Cristiano Ronaldo: Amnesty International hope grossly misplaced in Saudi sportswashing icon

Cristiano Ronaldo during his unveiling as an Al-Nassr player Credit: Alamy
Cristiano Ronaldo during his unveiling as an Al-Nassr player Credit: Alamy

Cristiano Ronaldo has signed a pact of blind praise with Saudi Arabia. A man for whom greed trumps all isn’t about to rock a boat filled to the brim with cash.


“If it was just about the money you’d be in Saudi Arabia earning a king’s ransom,” Piers Morgan said, sitting eyeball to eyeball with the man who six weeks later would sign a €200m-a-year contract with Al Nassr. Ronaldo ensured during that ill-advised interview that he would never work in Europe again.

He claimed during his Saudi inauguration that he had “many opportunities” to remain in Europe, which either means he had a change of heart and opted for money over competition, or he’s telling bare-faced lies. Neither would come as a surprise for a man whose journey to become a footballing great has apparently halted his development as a human being. This is the guy Amnesty International are hoping will be a spokesperson for human rights in Saudi Arabia?

If Amnesty hope Ronaldo will “draw attention” to the executions, unfair trials and the crackdown on freedom of expression and association in Saudi Arabia when they stand in direct opposition to him being paid ludicrous sums of money as the ideal sportswashing tool then they’re not barking up the wrong tree, they’re howling at a bush in a desert.

Unless the various meetings Ronaldo held with ‘those clubs’ that wanted him in Europe were in fact cover for Amnesty rendezvous in which they set out plans for his role as some sort of Saudi sleeper agent, an expectation for Ronado to call out his employers is grossly misplaced.

And they won’t truly expect him to do so. Amnesty’s statement has at least reached – via the name of Ronaldo – far more people than a typical story about the horrors of the Saudi regime would. They’re not stupid; Ronaldo’s name can still be used for good even when he’s not on board.

The Saudis won’t have been overly pleased at Ronaldo’s earnest insistence that “it’s not the end of my career to come to South Africa” against a backdrop proudly proclaiming ‘Saudi welcome to Arabia’. But they don’t need him to talk well, they just need him to be seen. Ronaldo’s commercial exploits in the coming weeks, months and years are an added bonus on top of one of the great laundering coups. Just by getting him there, they’ve already won.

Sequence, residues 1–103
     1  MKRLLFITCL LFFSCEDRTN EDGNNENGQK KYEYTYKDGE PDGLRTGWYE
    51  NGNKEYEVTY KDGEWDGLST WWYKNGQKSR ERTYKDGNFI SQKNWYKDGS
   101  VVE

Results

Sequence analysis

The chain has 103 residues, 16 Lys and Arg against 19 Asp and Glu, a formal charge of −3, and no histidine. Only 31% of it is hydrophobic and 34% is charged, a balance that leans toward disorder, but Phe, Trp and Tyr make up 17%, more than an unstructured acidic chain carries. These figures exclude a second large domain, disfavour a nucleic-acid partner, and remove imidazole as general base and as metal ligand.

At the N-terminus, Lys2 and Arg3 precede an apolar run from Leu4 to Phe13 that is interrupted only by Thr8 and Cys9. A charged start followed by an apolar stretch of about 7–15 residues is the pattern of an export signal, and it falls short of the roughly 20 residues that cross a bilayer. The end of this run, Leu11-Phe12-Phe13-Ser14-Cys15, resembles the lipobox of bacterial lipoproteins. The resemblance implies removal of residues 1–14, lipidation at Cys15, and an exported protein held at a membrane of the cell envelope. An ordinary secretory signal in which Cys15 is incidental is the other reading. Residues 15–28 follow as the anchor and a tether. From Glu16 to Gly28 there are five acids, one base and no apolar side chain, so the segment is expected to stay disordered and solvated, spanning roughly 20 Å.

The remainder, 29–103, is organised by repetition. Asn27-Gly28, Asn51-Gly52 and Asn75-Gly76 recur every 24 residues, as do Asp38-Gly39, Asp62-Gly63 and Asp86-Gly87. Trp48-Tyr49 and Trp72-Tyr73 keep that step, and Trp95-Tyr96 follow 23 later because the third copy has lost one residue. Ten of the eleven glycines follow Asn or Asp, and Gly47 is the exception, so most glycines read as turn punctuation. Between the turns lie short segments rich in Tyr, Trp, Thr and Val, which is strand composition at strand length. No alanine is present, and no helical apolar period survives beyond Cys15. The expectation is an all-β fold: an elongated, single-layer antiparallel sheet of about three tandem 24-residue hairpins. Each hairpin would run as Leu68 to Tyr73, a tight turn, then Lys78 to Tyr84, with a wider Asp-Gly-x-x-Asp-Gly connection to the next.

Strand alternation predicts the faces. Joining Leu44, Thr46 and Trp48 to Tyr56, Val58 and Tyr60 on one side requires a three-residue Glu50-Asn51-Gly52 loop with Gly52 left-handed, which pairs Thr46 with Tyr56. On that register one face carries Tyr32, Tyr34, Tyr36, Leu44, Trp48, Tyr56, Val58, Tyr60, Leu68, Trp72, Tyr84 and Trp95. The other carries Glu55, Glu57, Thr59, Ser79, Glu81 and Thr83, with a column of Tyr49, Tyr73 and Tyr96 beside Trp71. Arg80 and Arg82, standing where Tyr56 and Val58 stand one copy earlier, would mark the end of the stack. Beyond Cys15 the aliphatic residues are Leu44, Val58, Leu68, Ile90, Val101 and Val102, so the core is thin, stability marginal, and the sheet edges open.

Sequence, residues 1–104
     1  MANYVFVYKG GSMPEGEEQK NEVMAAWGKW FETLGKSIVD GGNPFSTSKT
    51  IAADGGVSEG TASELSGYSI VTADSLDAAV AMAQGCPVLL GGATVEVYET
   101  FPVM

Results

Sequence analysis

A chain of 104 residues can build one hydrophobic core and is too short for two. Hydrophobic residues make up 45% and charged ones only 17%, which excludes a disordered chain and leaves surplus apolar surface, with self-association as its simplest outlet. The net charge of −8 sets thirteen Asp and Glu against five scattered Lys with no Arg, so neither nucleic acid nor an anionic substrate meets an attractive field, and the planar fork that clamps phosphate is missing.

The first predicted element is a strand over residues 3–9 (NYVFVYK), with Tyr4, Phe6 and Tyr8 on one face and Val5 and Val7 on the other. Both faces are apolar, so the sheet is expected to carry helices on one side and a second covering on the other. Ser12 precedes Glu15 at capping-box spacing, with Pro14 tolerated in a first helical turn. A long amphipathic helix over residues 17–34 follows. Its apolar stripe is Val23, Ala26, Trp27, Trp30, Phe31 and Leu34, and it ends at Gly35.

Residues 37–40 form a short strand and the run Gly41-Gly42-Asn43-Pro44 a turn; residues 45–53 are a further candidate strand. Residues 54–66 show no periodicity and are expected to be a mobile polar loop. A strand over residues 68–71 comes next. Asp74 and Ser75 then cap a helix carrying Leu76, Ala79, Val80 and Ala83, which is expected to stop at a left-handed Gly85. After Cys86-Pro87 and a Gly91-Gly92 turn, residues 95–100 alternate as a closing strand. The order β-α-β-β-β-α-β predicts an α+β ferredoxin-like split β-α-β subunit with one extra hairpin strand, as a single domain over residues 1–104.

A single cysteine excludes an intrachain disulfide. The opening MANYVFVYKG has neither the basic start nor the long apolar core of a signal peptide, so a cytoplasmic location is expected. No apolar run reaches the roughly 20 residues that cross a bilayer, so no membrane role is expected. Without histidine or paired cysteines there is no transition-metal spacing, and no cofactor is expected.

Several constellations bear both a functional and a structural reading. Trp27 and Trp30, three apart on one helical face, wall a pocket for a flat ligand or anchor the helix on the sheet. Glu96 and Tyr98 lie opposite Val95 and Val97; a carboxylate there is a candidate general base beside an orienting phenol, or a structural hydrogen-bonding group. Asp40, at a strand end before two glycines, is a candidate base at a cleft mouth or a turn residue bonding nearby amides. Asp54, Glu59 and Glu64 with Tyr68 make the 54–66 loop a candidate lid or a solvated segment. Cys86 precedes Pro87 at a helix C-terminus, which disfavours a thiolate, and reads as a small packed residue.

It’s the perfect place for him. A place where money and status are everything. A place where sports stars are deified. A place where criticism of said sports stars won’t see the light of day. Glorious though it would be for Ronaldo’s inability to function in a pressing system to be called out against Al-Shabab on Saturday, everyone will know Ronaldo is buttering their bread, and to switch sides would be akin to walking into the press room with rainbow streaks painted on your face as you shout thanks to your pregnant out-of-wedlock partner for the lift.

And that steadfast commitment to ignore faults and blindly praise works both ways. Ronaldo engaging in some whataboutery on the back of a 4 out of 10 rating in the Saudi version of L’Equipe isn’t beyond the realms of possibility – he’s certainly not averse to childish one-upmanship – but he’s more likely to plonk his five Ballon d’Or trophies on the press conference table in a big d*ck contest than ask how many heads have been removed from torsos that day.

“I want to change the mentality of the new generation,” Ronaldo said. “I want to change the perspective of many people.” Which sounds quite profound and promising, perhaps even for human rights activists, before you remember the stage on which Ronaldo sits, with Saudi dignitaries smiling to the side of him. Then you realise he’s talking about the world’s perspective of Saudi Arabia, rather than the people within the country.

Ronaldo isn’t an inherently evil man (or at least as yet he’s not been proven to be) and his charitable works suggest he’s not as entirely self-centred as his actions on the pitch and his social media presence would have us believe. Having lived his whole life in Europe he probably believes in freedom of expression, fair trials and LGBTQ+ rights.

But a path of devotion lined with gold was always going to be too tempting for a man for whom greed and ego trump all, who has the potential to use his extraordinary platform for good, but will instead be held up as a figurehead for sportswashers and bathe in the uncontested adulation that comes with it.

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